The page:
Organizations need formal succession plans to be competitive in 2015. When a key employee leaves a company, many are forced to bring someone else who starts at the bottom of the curve. This means incurring the cost of hiring, the loss of productivity and the prolonged learning process of the new employee. Yes, the new person may have excellent skills and perspective from the outside, but in many cases, it will take years to realize those benefits.
In a recent survey conducted by Korn Ferry, only one third of senior-level executives responded that they were satisfied or very satisfied with their company’s succession management program, while less than one quarter reported that their organization had developed a strong pool of candidates ready to fill leadership positions. The study also finds that more than three-quarters of executives say their organization’s succession management programs only include the title of “vice president” and above.
The new integrated talent management paradigm expands the scrutiny of succession planning to the entire workforce. In this way, successors can be developed for all positions, not just the top tier. This is a daunting but necessary task to assure and sustain long-term corporate success. There’s significant risk when succession management programs don’t go deep enough into an organization. Talent derailment and the alienation of potential successors are the most significant outcomes of succession management failure. Unfortunately, many companies fail to align their talent programs. But, where is the disconnect between succession planning strategies and the concrete results that executives expect?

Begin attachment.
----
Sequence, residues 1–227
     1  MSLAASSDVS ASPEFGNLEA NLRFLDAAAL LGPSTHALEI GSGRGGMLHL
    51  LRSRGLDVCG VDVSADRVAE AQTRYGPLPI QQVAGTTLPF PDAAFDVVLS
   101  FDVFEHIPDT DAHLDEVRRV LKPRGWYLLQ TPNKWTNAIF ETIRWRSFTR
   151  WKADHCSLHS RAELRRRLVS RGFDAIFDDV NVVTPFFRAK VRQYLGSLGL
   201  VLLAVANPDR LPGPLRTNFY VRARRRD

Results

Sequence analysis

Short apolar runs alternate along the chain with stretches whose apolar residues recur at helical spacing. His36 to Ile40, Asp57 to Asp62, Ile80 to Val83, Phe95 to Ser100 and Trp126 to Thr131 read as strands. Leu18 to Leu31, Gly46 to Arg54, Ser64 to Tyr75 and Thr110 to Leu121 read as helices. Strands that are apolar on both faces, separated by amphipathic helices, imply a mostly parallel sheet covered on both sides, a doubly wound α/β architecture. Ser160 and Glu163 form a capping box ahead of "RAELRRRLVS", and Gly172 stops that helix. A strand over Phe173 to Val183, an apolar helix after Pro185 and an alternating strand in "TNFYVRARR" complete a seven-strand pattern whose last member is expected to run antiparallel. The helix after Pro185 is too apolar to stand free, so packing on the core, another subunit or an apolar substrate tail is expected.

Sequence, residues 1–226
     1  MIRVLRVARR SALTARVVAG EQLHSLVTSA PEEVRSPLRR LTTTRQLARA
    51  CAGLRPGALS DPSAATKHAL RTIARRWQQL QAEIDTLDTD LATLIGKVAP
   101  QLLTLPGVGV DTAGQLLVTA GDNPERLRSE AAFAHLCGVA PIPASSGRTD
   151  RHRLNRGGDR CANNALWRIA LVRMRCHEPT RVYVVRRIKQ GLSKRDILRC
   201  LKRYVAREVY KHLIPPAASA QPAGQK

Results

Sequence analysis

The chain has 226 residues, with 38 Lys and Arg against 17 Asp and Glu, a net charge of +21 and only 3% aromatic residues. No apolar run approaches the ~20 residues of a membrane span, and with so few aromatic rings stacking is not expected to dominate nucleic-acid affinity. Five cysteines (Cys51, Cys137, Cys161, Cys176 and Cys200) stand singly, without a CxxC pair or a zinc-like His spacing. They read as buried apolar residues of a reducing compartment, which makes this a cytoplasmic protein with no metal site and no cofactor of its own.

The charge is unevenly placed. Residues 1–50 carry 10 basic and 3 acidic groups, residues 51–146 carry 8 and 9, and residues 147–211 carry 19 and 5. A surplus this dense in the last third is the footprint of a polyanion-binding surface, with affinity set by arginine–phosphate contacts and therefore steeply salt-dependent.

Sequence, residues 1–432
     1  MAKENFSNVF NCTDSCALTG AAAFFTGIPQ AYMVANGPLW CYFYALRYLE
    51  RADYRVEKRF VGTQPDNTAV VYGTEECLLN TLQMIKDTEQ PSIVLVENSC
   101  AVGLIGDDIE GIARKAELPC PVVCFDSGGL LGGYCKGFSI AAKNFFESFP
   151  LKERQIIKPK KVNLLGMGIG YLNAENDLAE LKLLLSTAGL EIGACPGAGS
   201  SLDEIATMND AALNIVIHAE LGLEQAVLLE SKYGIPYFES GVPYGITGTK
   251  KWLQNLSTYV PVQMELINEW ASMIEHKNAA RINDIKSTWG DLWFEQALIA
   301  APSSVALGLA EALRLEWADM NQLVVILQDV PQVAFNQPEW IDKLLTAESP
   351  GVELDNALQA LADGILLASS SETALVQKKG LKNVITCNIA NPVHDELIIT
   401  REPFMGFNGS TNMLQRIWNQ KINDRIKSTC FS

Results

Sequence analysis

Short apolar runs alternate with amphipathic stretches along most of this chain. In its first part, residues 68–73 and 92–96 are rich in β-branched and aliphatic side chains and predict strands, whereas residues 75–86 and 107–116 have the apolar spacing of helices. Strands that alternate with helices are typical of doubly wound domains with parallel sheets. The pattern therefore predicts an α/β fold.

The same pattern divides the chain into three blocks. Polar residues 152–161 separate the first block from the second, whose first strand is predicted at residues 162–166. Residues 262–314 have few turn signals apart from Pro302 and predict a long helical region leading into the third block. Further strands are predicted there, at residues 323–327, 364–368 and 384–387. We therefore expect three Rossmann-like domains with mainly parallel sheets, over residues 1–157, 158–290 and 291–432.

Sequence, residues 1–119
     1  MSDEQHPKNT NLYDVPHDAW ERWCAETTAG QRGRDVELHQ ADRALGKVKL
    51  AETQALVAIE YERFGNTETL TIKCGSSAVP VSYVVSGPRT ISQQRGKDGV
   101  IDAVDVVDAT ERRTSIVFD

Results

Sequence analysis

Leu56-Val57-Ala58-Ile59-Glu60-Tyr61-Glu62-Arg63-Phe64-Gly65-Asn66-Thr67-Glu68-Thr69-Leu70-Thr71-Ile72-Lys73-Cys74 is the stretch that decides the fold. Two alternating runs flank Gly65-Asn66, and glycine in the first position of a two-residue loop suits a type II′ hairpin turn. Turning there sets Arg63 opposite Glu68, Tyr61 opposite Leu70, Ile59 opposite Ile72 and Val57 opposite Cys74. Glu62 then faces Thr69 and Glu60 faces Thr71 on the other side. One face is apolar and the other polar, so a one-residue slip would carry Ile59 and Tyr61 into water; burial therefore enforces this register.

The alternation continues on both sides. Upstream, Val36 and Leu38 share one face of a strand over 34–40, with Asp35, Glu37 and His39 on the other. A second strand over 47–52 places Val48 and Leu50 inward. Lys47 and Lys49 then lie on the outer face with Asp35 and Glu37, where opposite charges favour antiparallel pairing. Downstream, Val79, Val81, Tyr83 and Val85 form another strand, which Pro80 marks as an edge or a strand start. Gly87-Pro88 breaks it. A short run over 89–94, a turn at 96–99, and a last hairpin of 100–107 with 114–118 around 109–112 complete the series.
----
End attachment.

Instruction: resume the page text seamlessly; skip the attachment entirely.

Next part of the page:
The new talent management process focuses more on pools of talent than on specific individuals. It takes a broad view of satisfying the need for the right mix of talent to implement today’s and tomorrow’s strategies. It is no longer about hiring the best person for a position now, but about hiring people who may qualify for key positions in the future. Such a broad focus necessitates a change in how data is collected and analyzed. Traditionally, companies have managed employee information in different departments or in HR silos using function-specific software. The new talent management process, however, requires the integration of all HR information to permit the development of complementary initiatives to help achieve business objectives.
Join us for the 3rd Annual Strategic Succession Planning Summit, where we will examine the importance integrating talent management to achieve effective succession planning and explore the multifaceted organizational benefits of creating a strong leadership pipeline. Industry experts will share their experiences within the areas of learning, workforce planning, HR strategy, leadership & executive development, data analytics, and leadership assessment and development that can drive increased productivity and business excellence in your organization
Network with Speaker Faculty and Event Participants including:
C-Suite Executives, CHRO, VP HR, SVP HR, COO, CFO, Director, Deputy Directors, Managers and Team Leaders with responsibilities in:
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